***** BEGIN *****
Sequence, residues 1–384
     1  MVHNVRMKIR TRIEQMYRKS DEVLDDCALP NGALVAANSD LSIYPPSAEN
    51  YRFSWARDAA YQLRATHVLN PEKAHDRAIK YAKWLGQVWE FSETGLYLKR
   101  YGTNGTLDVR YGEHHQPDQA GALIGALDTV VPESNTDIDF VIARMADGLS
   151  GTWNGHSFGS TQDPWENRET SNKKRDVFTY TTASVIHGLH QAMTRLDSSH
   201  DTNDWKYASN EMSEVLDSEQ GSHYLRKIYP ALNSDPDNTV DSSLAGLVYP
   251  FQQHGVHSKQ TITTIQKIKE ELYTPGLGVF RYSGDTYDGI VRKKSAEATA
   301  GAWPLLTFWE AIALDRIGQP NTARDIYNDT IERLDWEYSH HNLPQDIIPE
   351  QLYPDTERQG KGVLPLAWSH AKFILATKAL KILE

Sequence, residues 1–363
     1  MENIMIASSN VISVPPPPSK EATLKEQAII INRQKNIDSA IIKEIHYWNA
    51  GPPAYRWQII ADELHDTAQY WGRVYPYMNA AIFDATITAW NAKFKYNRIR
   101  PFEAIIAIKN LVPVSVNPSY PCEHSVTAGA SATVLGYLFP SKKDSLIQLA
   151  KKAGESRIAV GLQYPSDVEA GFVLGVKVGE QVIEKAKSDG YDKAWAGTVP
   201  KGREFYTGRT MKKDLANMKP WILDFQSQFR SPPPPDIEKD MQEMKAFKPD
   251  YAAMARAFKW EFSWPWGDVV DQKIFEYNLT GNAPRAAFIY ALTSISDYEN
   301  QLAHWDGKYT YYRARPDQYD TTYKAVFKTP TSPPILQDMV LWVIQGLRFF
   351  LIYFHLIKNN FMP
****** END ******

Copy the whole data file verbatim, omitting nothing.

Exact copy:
Sequence, residues 1–384
     1  MVHNVRMKIR TRIEQMYRKS DEVLDDCALP NGALVAANSD LSIYPPSAEN
    51  YRFSWARDAA YQLRATHVLN PEKAHDRAIK YAKWLGQVWE FSETGLYLKR
   101  YGTNGTLDVR YGEHHQPDQA GALIGALDTV VPESNTDIDF VIARMADGLS
   151  GTWNGHSFGS TQDPWENRET SNKKRDVFTY TTASVIHGLH QAMTRLDSSH
   201  DTNDWKYASN EMSEVLDSEQ GSHYLRKIYP ALNSDPDNTV DSSLAGLVYP
   251  FQQHGVHSKQ TITTIQKIKE ELYTPGLGVF RYSGDTYDGI VRKKSAEATA
   301  GAWPLLTFWE AIALDRIGQP NTARDIYNDT IERLDWEYSH HNLPQDIIPE
   351  QLYPDTERQG KGVLPLAWSH AKFILATKAL KILE

Sequence, residues 1–363
     1  MENIMIASSN VISVPPPPSK EATLKEQAII INRQKNIDSA IIKEIHYWNA
    51  GPPAYRWQII ADELHDTAQY WGRVYPYMNA AIFDATITAW NAKFKYNRIR
   101  PFEAIIAIKN LVPVSVNPSY PCEHSVTAGA SATVLGYLFP SKKDSLIQLA
   151  KKAGESRIAV GLQYPSDVEA GFVLGVKVGE QVIEKAKSDG YDKAWAGTVP
   201  KGREFYTGRT MKKDLANMKP WILDFQSQFR SPPPPDIEKD MQEMKAFKPD
   251  YAAMARAFKW EFSWPWGDVV DQKIFEYNLT GNAPRAAFIY ALTSISDYEN
   301  QLAHWDGKYT YYRARPDQYD TTYKAVFKTP TSPPILQDMV LWVIQGLRFF
   351  LIYFHLIKNN FMP